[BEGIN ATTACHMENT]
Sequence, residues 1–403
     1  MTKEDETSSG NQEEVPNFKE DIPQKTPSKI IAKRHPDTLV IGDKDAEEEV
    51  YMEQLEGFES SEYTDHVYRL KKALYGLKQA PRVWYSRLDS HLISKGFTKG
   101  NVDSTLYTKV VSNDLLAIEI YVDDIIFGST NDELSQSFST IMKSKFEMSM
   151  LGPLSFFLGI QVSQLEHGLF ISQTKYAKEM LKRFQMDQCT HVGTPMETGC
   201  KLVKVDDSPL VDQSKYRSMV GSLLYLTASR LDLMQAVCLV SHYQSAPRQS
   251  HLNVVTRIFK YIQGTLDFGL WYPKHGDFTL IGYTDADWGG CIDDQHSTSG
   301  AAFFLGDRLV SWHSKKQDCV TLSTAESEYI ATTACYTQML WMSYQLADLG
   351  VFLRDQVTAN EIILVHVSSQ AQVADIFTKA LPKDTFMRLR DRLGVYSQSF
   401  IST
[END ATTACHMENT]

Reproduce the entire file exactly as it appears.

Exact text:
Sequence, residues 1–403
     1  MTKEDETSSG NQEEVPNFKE DIPQKTPSKI IAKRHPDTLV IGDKDAEEEV
    51  YMEQLEGFES SEYTDHVYRL KKALYGLKQA PRVWYSRLDS HLISKGFTKG
   101  NVDSTLYTKV VSNDLLAIEI YVDDIIFGST NDELSQSFST IMKSKFEMSM
   151  LGPLSFFLGI QVSQLEHGLF ISQTKYAKEM LKRFQMDQCT HVGTPMETGC
   201  KLVKVDDSPL VDQSKYRSMV GSLLYLTASR LDLMQAVCLV SHYQSAPRQS
   251  HLNVVTRIFK YIQGTLDFGL WYPKHGDFTL IGYTDADWGG CIDDQHSTSG
   301  AAFFLGDRLV SWHSKKQDCV TLSTAESEYI ATTACYTQML WMSYQLADLG
   351  VFLRDQVTAN EIILVHVSSQ AQVADIFTKA LPKDTFMRLR DRLGVYSQSF
   401  IST